Machining 101: The cylinder head

Machining 101: The cylinder head

June 26, 2018 0 By Ray Bohacz

With the proper procedures for servicing the engine block and rotating assembly reviewed in the previous installments of this series, I will now turn attention to the cylinder head.


The cylinder head is the most commonly serviced core component of an engine. This is due to its complexity — the operation of the valves, rocker arms and shaft (if used), valve springs, locks, retainers and guides, along with the fact that it is exposed to both the liquid coolant and the majority of the combustion heat. It is not uncommon for a cylinder head to be removed due to a head gasket failure. This is usually the result of a severe over heating event or the lack of maintenance from not changing the anti-freeze or adding the necessary supplemental ingredients to keep corrosion at bay with a diesel engine. Regardless of the reason the cylinder head is removed, proper and thorough machine shop procedure needs to be followed.


Due to the environment that the cylinder head operates in it is paramount that it is checked for cracks, especially in the area between the valves before any work is performed. A good machinist will assume that if the engine is being rebuilt or the head alone is removed, then at least one time in its life it has been brought to a dangerously elevated temperature. The equipment operator may not have been aware of this since the liquid coolant temperature may not have ever been spiked. The complete engine or one cylinder could have been exposed to excessive combustion heat from lugging, hard work, or a lean air/fuel mixture. If any cracks are determined a repair employing techniques such as pinning, stitch welding, epoxy, or traditional welding may be applied. Be prepared since some cracks cannot be repaired due to their location or nature. In these cases another cylinder head is required.


Once the cylinder head is determined to be usable the following steps need to be applied during the reconditioning process.




Every cylinder head must have the following surfaces visually inspected and checked for warpage with a straight edge and feeler gauge. They are the head gasket surface, intake manifold mounting surface, along with the face that attaches to the exhaust manifold. If any of these surfaces are warped beyond the allowable specification for the gasket to seal, then machining will be required.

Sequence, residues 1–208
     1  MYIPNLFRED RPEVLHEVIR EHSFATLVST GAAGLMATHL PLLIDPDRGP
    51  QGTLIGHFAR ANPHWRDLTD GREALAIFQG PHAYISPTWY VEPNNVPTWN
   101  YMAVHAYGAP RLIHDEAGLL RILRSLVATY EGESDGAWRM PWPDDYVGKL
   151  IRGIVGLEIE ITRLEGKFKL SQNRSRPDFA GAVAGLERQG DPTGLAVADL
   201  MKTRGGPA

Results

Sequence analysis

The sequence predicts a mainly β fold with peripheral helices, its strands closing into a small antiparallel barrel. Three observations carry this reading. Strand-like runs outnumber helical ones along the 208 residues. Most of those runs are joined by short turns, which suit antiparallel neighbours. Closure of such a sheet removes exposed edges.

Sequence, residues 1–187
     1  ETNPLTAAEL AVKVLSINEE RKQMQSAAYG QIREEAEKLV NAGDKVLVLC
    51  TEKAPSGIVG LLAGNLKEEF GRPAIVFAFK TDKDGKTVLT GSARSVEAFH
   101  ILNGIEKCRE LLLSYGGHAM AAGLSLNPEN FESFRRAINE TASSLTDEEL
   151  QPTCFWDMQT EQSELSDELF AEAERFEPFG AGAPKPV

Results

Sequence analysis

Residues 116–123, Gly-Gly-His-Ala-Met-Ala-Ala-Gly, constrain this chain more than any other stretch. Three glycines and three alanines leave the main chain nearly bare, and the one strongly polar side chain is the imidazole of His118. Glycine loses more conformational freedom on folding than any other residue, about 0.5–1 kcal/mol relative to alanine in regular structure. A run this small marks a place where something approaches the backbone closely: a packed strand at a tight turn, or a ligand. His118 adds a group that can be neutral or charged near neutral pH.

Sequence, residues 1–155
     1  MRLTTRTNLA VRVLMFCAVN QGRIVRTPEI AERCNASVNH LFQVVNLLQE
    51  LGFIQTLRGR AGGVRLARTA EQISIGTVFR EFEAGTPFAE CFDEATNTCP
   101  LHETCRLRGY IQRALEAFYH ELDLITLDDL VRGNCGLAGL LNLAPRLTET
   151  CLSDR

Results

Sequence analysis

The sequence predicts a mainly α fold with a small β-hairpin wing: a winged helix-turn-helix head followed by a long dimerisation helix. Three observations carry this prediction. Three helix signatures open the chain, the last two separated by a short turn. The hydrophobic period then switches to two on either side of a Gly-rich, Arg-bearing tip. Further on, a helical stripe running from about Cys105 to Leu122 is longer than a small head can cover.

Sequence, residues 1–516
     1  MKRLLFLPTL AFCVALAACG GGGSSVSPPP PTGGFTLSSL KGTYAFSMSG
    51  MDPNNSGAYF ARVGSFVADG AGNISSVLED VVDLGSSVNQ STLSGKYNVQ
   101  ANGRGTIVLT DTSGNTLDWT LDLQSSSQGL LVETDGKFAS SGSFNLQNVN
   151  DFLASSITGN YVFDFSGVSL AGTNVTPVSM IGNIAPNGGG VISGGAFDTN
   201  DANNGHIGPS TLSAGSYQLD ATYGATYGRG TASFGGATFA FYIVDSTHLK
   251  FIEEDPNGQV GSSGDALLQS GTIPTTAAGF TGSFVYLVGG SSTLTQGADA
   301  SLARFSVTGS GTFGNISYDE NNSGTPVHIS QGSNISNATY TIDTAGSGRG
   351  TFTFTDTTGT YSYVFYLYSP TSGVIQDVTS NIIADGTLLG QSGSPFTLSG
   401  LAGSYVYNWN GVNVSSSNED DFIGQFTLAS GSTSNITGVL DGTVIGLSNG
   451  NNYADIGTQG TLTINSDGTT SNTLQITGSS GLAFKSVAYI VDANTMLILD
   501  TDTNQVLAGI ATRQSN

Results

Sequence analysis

Some diesel engine manufacturers do not recommend machining the cylinder head deck surface (the part that attaches to the engine block) and require complete replacement. In actual practice you will find that if the warpage is not too excessive a good machinist will be able to correct it with the proper procedure. As the author, I do not know of any gasoline engine that would be found on a farm that its manufacturer rejects decking of the head surface.


Cylinder head resurfacing can be accomplished a number of different ways that are all acceptable. You will find that each machinist finds favor with a particular method for its benefit. That is fine as long as the end result is correct. The standard surfacing procedures are, milling machine, wet grinder, and a broach.


Valve guide service


The valve guide is an area that is often neglected in an inexpensive cylinder head service. The valve guides are the hole in the cylinder head that the valve stem travels through.


There are two different types of valve guides: integral and replaceable. An integral guide is usually found on a cast iron cylinder head. It is a raised boss that has a passage gun drilled through it and is part of the cylinder head casting. In contrast, a replaceable guide may also feature a cast-in boss but has an insert that is usually made from bronze that controls the movement of the valve stem.


The valve guides are important to not only guide the valve in its proper path but for controlling oil from getting into the cylinder bore. Each engine has a specification for the valve-stem-to-guide clearance. If the guide and or the valve stem have excessive clearance, it is mandatory that this be brought back to the specification before the cylinder head is placed on the engine. In contrast, if the guide is too tight the valve may stick when the engine is extremely hot (especially an exhaust valve under load) and cause a collision with the piston and the possibility of major damage.